The Future of the Muslim Brotherhood

Amr Al-Chobaki


The Muslim Brotherhood managed to maintain its organizational existence since its establishment in 1928, by the late Hasan Al-Banna. Throughout eight decades, it has managed to exist as a religious movement as well as a political and social organization. This, on one hand, helped it to be sufficiently strong to be distinguished from other political powers, but also made it weak and feeble in some other ways.

The Muslim Brotherhood as a movement is similar to other Egyptian political movements, as it was established at the time of the royal regime and a semi-liberal era. It clashed with the government during the time of President `Abd Al-Nasser, adapted to the regime of President Sadat, and tended to fluctuate in its relationship with President Mubarak, malgrat això, the relationship was based on partial elimination, just like the state during the age of President `Abd Al-Nasser. Moreover, it has been outlawed for most of its history; des 1954 until the present time (i.e. more than half a century).

The Muslim Brotherhood has continued to be both a witness and a party in the political and cultural dispute in Egypt and the Arab countries, throughout different historical periods; Egypt in the time of the royal regime and in the time of the republic with its three stages. This dispute was about issues of identity and cultural belonging, the relationship between the religion – on one handand politics, the East and the West on the other hand, as well as the coming and the inherited. The Muslim Brotherhood had a flexible political and intellectual reference that gave it a comprehensive conception of Islam.

Current Trends in the Ideology of the Egyptian Muslim Brotherhood

dr. Israel Elad Altman

The American-led Middle East reform and democratization campaign of the last twoyears has helped shape a new political reality in Egypt. Opportunities have opened up fordissent. With U.S. and European support, local opposition groups have been able to takeinitiative, advance their causes and extract concessions from the state. The EgyptianMuslim Brotherhood movement (MB), which has been officially outlawed as a politicalorganization, is now among the groups facing both new opportunities and new risks.Western governments, including the government of the United States, are consideringthe MB and other “moderate Islamist” groups as potential partners in helping to advancedemocracy in their countries, and perhaps also in eradicating Islamist terrorism. Couldthe Egyptian MB fill that role? Could it follow the track of the Turkish Justice andDevelopment Party (AKP) and the Indonesian Prosperous Justice Party (PKS), twoIslamist parties that, according to some analysts, are successfully adapting to the rules ofliberal democracy and leading their countries toward greater integration with,respectively, Europe and a “pagan” Asia?This article examines how the MB has responded to the new reality, how it has handledthe ideological and practical challenges and dilemmas that have arisen during the pasttwo years. To what extent has the movement accommodated its outlook to newcircumstances? What are its objectives and its vision of the political order? How has itreacted to U.S. overtures and to the reform and democratization campaign? How has itnavigated its relations with the Egyptian regime on one hand, and other opposition forceson the other, as the country headed toward two dramatic elections in autumn 2005? Towhat extent can the MB be considered a force that might lead Egypt toward liberaldemocracy?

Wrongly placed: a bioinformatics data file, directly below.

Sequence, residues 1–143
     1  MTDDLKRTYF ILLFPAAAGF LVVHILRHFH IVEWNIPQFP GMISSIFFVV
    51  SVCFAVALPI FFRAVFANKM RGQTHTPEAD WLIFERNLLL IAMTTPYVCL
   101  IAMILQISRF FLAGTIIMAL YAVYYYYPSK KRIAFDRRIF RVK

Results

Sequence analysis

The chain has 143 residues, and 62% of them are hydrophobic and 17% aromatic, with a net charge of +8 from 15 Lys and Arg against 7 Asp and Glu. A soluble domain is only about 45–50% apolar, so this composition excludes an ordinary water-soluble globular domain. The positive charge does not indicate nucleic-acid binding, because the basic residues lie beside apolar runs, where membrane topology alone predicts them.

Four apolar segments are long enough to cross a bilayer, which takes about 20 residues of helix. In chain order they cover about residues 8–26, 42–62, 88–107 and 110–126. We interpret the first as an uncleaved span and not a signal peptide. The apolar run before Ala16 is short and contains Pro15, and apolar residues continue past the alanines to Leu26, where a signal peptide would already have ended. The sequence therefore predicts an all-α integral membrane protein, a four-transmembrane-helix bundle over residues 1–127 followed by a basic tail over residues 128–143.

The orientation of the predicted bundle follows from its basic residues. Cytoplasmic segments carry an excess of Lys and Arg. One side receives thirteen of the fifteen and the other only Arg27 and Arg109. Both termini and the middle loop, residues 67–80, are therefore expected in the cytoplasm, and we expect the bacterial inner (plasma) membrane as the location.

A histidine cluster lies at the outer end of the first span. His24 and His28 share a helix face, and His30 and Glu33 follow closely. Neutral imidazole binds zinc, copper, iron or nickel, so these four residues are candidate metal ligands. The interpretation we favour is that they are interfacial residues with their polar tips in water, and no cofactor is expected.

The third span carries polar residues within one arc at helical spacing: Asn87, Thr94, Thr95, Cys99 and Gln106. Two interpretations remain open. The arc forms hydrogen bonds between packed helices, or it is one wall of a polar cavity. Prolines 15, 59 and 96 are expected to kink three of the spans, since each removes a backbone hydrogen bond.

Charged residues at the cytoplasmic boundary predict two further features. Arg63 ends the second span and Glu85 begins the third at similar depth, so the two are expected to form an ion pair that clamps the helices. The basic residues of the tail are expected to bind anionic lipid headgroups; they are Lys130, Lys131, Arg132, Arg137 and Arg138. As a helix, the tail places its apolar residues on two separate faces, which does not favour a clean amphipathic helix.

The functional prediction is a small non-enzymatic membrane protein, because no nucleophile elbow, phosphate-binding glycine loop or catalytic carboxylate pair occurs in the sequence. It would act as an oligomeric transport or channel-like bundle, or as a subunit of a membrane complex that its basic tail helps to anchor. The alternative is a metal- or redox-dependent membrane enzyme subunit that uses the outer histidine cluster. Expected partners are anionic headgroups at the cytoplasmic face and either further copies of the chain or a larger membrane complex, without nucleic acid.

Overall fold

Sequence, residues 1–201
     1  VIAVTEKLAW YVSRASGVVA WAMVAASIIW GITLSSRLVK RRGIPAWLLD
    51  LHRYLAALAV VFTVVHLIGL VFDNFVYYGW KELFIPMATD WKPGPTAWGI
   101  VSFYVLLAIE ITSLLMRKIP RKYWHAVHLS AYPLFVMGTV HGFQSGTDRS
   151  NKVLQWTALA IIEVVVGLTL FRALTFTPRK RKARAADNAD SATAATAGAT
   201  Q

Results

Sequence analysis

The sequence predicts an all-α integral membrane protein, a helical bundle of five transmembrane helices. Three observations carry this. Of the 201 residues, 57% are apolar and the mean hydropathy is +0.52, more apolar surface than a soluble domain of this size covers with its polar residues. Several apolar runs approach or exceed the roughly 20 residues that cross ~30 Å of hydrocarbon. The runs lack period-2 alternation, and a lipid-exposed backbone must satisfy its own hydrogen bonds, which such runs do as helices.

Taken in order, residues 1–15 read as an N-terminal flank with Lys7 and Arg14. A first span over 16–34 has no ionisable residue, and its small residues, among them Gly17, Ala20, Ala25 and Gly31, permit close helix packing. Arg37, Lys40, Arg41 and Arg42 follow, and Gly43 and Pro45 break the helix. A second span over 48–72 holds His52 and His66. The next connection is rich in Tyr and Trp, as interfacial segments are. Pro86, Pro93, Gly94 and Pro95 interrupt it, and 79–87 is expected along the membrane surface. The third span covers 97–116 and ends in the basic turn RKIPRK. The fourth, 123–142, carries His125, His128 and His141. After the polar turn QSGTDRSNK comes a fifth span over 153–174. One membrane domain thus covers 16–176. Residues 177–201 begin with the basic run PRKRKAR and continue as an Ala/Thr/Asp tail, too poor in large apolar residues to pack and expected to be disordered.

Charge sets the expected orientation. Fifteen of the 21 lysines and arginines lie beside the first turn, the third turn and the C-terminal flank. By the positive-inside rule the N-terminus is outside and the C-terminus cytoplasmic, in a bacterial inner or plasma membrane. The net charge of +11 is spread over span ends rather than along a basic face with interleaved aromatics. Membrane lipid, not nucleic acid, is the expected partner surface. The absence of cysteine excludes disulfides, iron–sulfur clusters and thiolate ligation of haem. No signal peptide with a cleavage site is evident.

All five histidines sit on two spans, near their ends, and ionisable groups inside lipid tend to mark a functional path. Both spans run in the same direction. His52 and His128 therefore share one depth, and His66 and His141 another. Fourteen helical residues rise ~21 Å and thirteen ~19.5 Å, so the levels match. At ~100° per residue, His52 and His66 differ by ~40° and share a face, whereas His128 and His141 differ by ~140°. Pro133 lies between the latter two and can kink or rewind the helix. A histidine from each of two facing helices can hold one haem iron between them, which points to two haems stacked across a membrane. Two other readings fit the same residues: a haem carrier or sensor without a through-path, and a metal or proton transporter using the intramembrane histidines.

Muslim Americans Middle Class and Mostly Mainstream

Pew Research Center